Sophomore Arjun Ganga Attends World Food Prize Global Youth Institute

Sophomore Arjun Ganga Attends World Food Prize Global Youth Institute

Arjun photoThe spirit and determination of Rwanda’s people inspired a Valley student to research practices to benefit banana farmers in the previously war-torn country.

Sophomore Arjun Ganga was one of 160 teens from around the world selected to attend the World Food Prize Global Youth Institute in Des Moines based on his research. Ganga interacted with several internationally renowned World Food Prize Laureates and leaders in food, agriculture, and international development at the Oct. 18-20 event.

“It was a great and unique experience to attend the Global Youth Institute along with the giants of the agriculture field,” he said. “I made a lot of great friends and got to listen to many influential and accomplished people. I could not believe I had this opportunity as a high school student.”

Ganga was selected for the honor after participating in the Iowa Youth Institute in March.Participation in the Iowa program, which drew more than 230 students, included writing a paper on a critical food-security issue in a developing country.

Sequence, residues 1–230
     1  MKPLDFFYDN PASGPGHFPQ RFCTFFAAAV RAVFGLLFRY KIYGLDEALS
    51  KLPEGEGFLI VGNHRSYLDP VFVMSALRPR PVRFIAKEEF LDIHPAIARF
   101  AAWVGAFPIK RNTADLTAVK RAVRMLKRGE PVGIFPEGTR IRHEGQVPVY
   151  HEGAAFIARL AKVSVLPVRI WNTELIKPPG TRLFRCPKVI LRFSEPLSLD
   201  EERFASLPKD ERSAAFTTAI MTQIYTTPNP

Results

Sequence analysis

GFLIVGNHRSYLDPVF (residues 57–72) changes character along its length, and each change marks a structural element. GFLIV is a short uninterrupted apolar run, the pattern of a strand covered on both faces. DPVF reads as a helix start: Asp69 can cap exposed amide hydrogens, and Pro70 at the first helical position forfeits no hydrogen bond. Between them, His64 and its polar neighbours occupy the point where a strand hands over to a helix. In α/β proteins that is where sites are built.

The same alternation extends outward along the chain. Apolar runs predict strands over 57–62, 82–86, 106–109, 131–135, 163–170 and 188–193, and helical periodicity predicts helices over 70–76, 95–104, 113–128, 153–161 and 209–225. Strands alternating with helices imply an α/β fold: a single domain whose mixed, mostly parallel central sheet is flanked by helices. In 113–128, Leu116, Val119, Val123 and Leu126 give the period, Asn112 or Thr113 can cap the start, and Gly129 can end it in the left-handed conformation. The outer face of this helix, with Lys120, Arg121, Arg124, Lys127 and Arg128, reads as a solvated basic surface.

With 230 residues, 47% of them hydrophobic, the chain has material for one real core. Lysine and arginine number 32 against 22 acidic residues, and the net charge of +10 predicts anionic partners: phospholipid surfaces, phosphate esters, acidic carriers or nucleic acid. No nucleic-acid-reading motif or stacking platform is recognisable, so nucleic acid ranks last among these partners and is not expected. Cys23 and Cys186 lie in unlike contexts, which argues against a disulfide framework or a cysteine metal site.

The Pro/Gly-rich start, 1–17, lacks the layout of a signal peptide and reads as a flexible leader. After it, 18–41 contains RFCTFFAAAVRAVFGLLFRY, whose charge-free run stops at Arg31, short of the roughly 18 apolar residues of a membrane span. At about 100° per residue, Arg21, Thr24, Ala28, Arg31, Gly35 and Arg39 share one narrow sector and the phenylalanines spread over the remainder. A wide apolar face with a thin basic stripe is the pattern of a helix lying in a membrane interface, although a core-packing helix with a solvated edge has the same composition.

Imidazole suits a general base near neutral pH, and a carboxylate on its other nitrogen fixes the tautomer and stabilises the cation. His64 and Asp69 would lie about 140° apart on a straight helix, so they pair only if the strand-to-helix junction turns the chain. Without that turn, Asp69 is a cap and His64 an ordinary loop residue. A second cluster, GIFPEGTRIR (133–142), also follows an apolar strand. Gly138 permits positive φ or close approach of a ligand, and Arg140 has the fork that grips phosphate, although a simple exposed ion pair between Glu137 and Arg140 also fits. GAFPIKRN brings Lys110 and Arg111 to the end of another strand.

His research was selected as a top entry at the state event, qualifying him to attend the Global Youth Institute. The work is now available online.

The 20th anniversary of the genocide that occurred in Rwanda in 1993-94 was in the public eye during the time Ganga was selecting a topic for his paper. With the help of Valley science teacher Brant Reif, Ganga studied how the once-warring tribes in Rwanda have made peace and are working together to improve the country’s economy.

Improved farming practices would not only provide more food, Ganga said, but protect the land for future generations.

“I learned that genetic mutation and more hygienically efficient practices are within reach, and that there are countless, cost-efficient ways to prevent food insecurity in Rwanda,” he said.

“Farming of bananas, done the right way, could reduce malnutrition and prevent soil erosion. I found this very interesting because I thought hunger was a large and expensive issue to tackle, but really, it is very plausible to confront.”

Reif teaches two classes at Valley related to the issues Ganga researched for this project. Plant Science, a one-semester course, discusses how to feed a growing world population while protecting the environment. Students seeking further enrichment may consider AP Environmental Science, a year-long course on sustainability that touches on agricultural practices. Biology and chemistry are prerequisites for the AP course.